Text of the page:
Creating A "Film-Skip" Effect In Final Cut Pro
by- February 11th, 2005
In a new series I am starting under the Frameline heading, I would like to offer tips and trick when editing in Apple's Final Cut Pro non-linear editing application. I encourage readers to send in other tips or tricks they might have in order to create a collective of information to help develop a strong Mac-based editing community. To kick things off, I thought I would show interested parties a little effect I use to make it look like a video is coming off a film reel, blur and vibration included. I will call the effect "Film-Skip".
This effect tries to emulate the look of the old style projectors one would find in classrooms of yesteryear. Back in the day before those newfangled VCRs were found in every classroom, teachers used to show education films on (gasp!) actual film projectors and reels! Often times the projectors had been in use for nearly 30 years and would skip and stutter the images creating a cool film-skip kind of look (If anyone has a better definition of this, please feel free to let me know). While it is possible to create a myriad of visual effects in Adobe's After Effects, I am focusing on using the available tools found in Final Cut for creating new effects directly within the application itself.
To start things off, you will need an open project in Final Cut, with the video you want to manipulate already laid down on the timeline. Next, go to the end of the chosen clip and move back 5 frames using the left arrow key. 5 frames seems to be an ideal effect duration but longer or shorter lengths can be chosen depending on how long you want the effect to last. Now cut the 5 frame clip apart from the original video clip using the razor tool.
Now you have the small clip to create the Film-Skip effect. Double clip on the clip in the timeline, it should appear in the left slug window. Select the motion tab to enter into the window, this is where you can adjust frame, time remap, and the like. Be sure to select "image + wireframe" in the view menu at the top menu bar. This allows you to visually adjust the image and shows you the track points from frame to frame.
Next, go to the head of the clip, and drop a center point to the image by selecting the green frame marker to the right of the Center tool. Now hit the right arrow key to move onto frame# 2 and grab the image in the right viewer window and move the entire image up half way to the top of the edges of the window. Some of the image will go off the picture safe area, that's OK, its what you want. Go back to the viewer slug on the left, hit the right arrow key again, moving to frame#3. Go back to the viewer window on the right, and grab the image, then move it down, past your original mark point, the bottom of the image should go off the screen. Repeat this process back and forth for the duration of the clip, essentially creating a wave like motion of the image going up and down.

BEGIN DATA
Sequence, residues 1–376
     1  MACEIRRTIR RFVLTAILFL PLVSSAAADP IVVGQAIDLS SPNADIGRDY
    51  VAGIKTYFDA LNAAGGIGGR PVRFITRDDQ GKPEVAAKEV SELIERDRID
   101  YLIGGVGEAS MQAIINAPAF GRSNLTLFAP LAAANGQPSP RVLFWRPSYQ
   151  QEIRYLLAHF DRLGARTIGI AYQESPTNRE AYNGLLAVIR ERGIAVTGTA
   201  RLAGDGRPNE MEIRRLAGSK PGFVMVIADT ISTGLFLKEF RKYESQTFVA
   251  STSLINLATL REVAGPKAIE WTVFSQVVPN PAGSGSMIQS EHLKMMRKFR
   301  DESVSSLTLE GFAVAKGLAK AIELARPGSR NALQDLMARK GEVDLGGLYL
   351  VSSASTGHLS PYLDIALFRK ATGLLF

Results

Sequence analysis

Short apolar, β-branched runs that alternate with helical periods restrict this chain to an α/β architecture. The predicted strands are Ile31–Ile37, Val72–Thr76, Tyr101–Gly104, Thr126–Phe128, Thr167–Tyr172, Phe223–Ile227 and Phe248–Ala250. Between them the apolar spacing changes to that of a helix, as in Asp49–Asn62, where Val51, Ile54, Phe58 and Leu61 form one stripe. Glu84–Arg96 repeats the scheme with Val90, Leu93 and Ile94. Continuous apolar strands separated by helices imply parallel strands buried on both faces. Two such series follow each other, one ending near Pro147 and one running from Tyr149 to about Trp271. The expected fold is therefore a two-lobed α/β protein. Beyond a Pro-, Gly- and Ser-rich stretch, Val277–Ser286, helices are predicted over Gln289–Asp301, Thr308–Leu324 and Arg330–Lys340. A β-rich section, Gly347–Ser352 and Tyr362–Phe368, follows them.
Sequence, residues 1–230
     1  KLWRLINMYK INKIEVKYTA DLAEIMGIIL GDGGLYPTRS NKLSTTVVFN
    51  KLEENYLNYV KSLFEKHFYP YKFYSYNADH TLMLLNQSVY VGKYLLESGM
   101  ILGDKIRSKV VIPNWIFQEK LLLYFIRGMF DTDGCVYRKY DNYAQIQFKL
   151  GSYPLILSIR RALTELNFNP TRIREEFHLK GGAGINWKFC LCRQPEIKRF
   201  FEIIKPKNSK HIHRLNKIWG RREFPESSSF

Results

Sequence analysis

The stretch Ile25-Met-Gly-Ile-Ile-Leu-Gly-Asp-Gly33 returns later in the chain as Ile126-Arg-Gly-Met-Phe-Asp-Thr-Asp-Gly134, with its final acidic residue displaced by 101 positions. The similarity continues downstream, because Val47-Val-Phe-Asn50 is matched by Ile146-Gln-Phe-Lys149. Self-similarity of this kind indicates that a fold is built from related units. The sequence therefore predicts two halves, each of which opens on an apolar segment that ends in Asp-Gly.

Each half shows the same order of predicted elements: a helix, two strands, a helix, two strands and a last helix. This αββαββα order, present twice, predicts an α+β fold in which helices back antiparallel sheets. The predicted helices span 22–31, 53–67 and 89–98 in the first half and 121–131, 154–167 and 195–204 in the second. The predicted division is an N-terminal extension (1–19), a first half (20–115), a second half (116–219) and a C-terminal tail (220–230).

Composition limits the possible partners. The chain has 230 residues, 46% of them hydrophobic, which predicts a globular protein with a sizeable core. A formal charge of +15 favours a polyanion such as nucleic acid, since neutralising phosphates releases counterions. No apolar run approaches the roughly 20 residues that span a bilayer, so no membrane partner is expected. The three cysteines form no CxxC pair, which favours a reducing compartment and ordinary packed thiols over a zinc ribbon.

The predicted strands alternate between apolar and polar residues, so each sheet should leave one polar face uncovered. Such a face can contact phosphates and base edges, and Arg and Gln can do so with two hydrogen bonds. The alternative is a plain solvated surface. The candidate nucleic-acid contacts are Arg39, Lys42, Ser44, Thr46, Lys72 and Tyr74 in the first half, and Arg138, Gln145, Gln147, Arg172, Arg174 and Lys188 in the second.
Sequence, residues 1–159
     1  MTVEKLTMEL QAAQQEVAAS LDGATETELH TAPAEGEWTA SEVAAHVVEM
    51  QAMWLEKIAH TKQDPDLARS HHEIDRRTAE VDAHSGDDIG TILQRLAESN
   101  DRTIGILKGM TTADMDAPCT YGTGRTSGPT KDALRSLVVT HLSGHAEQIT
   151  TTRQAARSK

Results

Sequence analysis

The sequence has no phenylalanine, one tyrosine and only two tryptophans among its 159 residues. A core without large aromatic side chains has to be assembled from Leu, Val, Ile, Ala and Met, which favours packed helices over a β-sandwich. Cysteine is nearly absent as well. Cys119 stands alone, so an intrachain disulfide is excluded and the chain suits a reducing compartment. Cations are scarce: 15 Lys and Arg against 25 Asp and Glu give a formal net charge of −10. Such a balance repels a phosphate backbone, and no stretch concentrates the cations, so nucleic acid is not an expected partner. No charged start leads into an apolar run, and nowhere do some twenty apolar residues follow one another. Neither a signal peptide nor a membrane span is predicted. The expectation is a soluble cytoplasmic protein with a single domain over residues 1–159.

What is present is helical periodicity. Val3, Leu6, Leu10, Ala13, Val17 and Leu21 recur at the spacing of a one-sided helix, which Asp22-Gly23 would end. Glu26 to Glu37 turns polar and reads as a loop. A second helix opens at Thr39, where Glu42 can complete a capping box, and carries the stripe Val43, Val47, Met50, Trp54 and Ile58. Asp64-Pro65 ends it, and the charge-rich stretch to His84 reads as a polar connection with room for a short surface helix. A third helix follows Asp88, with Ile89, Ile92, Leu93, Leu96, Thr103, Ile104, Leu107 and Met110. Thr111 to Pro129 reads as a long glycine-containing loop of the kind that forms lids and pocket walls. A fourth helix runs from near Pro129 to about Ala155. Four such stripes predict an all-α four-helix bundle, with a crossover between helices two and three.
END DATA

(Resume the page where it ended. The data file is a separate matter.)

The next step is what gives it the kicker, without it, the image will just bounce up and down for 5 frames. Go over to the left viewer slug and select the motion blur tool to active. You have the option to make the blur percentage amount, I use 247%, it seems to distort the image just enough without totally losing image detail. Below the motion blur tab, select the sample amount tab and boost it all the way to 32 samples. There you go.
Your clip should now have the Film-Skip effect. All you have to do know is render the clip and check to see how it looks on the timeline. Depending on how you want the effect to look, simply experiment with the varying factors to achieve the look you like. This can also be used to create neat transitions between shots or clips by simply doing the steps listed above, but at 5 frames at the head of the next clip. This will create a Film-Skip transition into the next clip, like the film reel jumped into the next cut or angle. You can also use this intermittently through a clip to emulate the film-skip look throughout your video.
If any readers out there have any neat little tips or tricks they feel can help other Final Cut editors, feel free to e-mail the tips to me directly, I will test them out, and post them up for the rest of our readers to try. Good luck, and have fun!
With five years in the entertainment industry, and three years writing for The Mac Observer, works passionately on various genres of film, including documentaries, narrative features, and shorts. He has two feature films under his belt as Director of Photography and Camera Operator, and his current role at TMO is to cover digital media and the film industry.
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